The Goldsboro Police Department acquired a Mine Resistant Ambush Protected military vehicle this week with the intention to use it for high-water rescues, SWAT and Emergency Response Team operations and to conduct video surveillance in high crime areas, Police Chief Mike West said.
West stressed that the surplus vehicle will be used primarily for high-water rescues, and said it will begin being used for video surveillance soon.
West added that he is well-aware of the intimidating impression the vehicle gives people.
"I know, I'm hearing feedback already that it's a menacing looking vehicle, and it's too militarized, and people might be put off by that, but I've got to get around that, and I don't know how we are going to get around that right now," West said.
The vehicle itself came to the department at no cost outside of paying $6,000 for shipping. West said the 2007 model vehicle, valued at $658,000, will be stored in the city maintenance complex behind a fenced-in area and under a shelter.
Maintenance on the vehicle will cost roughly the same as what the department's "deuce and a half," or M-35 cargo truck, cost them over the nine years they had it, which was slightly more than $2,000. West said $700 of that maintenance cost on the deuce and a half came right after Hurricane Matthew pummeled the region and drowned it in historic flooding, causing the police department to handle a high volume of water rescues.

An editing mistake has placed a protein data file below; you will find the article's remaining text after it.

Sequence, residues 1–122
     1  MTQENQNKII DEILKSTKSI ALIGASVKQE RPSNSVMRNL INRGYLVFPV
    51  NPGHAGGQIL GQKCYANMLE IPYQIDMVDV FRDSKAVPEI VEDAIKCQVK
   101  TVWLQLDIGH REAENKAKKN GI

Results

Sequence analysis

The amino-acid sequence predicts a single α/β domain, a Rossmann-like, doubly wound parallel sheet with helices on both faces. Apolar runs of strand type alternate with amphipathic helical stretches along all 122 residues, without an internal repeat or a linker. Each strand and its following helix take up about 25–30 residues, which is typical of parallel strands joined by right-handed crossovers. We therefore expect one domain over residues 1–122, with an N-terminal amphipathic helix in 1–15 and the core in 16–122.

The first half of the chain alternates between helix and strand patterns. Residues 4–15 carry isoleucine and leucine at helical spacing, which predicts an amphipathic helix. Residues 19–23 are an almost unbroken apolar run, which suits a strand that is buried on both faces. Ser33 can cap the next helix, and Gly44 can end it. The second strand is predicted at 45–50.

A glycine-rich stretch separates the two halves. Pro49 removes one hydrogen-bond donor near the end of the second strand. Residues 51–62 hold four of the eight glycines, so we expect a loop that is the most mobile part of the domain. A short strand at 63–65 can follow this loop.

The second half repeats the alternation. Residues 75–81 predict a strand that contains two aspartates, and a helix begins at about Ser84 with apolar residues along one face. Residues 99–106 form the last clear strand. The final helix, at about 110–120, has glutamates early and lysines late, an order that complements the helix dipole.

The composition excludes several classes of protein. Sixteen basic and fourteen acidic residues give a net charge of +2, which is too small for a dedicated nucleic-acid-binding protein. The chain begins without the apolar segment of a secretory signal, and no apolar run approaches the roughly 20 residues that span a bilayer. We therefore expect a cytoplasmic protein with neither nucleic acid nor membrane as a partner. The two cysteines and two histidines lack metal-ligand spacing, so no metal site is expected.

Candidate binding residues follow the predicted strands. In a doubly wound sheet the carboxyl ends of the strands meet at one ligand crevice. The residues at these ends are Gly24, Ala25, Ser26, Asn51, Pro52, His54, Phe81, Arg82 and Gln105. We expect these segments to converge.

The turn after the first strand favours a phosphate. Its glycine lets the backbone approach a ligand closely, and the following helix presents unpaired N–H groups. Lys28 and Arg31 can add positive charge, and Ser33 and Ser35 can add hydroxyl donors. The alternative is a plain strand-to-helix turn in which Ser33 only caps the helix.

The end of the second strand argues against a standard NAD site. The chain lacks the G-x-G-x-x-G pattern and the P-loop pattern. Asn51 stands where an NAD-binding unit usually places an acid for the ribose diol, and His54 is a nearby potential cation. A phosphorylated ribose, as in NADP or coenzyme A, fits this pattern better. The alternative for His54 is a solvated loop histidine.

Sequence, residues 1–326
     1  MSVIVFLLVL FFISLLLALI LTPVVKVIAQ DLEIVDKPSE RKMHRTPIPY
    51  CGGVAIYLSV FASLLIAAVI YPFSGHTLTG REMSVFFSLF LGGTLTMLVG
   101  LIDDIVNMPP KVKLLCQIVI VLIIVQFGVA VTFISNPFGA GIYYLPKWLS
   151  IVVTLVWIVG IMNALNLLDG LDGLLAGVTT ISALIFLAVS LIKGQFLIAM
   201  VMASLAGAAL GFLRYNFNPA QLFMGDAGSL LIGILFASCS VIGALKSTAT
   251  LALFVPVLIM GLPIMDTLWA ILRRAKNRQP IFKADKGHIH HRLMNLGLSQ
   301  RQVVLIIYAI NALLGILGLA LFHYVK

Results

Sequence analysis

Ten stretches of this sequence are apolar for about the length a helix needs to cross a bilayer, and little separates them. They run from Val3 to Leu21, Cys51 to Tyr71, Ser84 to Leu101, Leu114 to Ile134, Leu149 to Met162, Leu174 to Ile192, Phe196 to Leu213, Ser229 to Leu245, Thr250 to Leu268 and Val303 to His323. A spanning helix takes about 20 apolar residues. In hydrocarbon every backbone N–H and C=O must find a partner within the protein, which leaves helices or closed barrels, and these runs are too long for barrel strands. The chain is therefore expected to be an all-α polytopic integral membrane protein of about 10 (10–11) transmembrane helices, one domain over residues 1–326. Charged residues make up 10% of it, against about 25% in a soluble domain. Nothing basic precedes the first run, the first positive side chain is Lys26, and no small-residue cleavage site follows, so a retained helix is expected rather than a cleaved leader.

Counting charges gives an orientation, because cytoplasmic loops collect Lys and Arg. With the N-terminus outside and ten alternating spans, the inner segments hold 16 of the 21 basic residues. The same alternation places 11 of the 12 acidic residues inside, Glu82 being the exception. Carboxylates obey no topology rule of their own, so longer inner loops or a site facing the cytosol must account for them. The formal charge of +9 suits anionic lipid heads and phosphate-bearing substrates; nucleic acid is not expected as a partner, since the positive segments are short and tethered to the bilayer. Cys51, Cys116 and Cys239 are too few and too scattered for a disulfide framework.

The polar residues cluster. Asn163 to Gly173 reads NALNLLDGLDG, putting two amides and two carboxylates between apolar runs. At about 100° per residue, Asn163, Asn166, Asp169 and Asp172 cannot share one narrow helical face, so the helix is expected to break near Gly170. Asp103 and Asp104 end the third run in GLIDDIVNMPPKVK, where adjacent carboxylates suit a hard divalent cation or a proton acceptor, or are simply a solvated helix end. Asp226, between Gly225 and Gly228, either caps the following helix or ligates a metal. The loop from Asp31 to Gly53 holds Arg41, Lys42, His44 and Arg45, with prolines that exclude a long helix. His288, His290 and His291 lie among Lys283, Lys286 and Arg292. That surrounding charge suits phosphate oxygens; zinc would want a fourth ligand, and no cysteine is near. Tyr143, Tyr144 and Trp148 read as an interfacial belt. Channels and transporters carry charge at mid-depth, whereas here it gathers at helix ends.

West said the MRAP was ordered between six and eight weeks ago through Law Enforcement Support Services out of the Raleigh division of the Department of Public Safety.
It arrived Tuesday night around 6 p.m., West said.
The Wayne County Sheriff's Office will be able to use the MRAP for its SWAT Team, West said.
"For me, it has three main purposes," West said. "High water rescues, surveillance to move throughout the community and conduct video surveillance, and SWAT or ERT."
West said he expects to use the military vehicle for video surveillance several times a month, both with officers inside and without officers inside.
"It will depend on the area we're working," West said.
West said discussions about getting an MRAP or something similar began after the killing of Ron Lane at Wayne Community College in April 2015, and continued after a prison riot in October 2016 at Neuse Correctional Facility near the old Cherry Hospital.
After Hurricane Matthew hit and devastated the area, requiring police to perform water rescues in perpetuity, it "sealed the deal" on buying the military vehicle, West said.
Capt. Karl Rabun with the Police Department said the automatic tire reinflation system had been removed from the MRAP, as well as the turret, before it was shipped to Goldsboro.
Maintenance and work is still being performed on the MRAP to get it ready for use, but citizens can expect to see it in use within about a month, West said.
---- Staff Writer Rochelle Moore contributed to this report.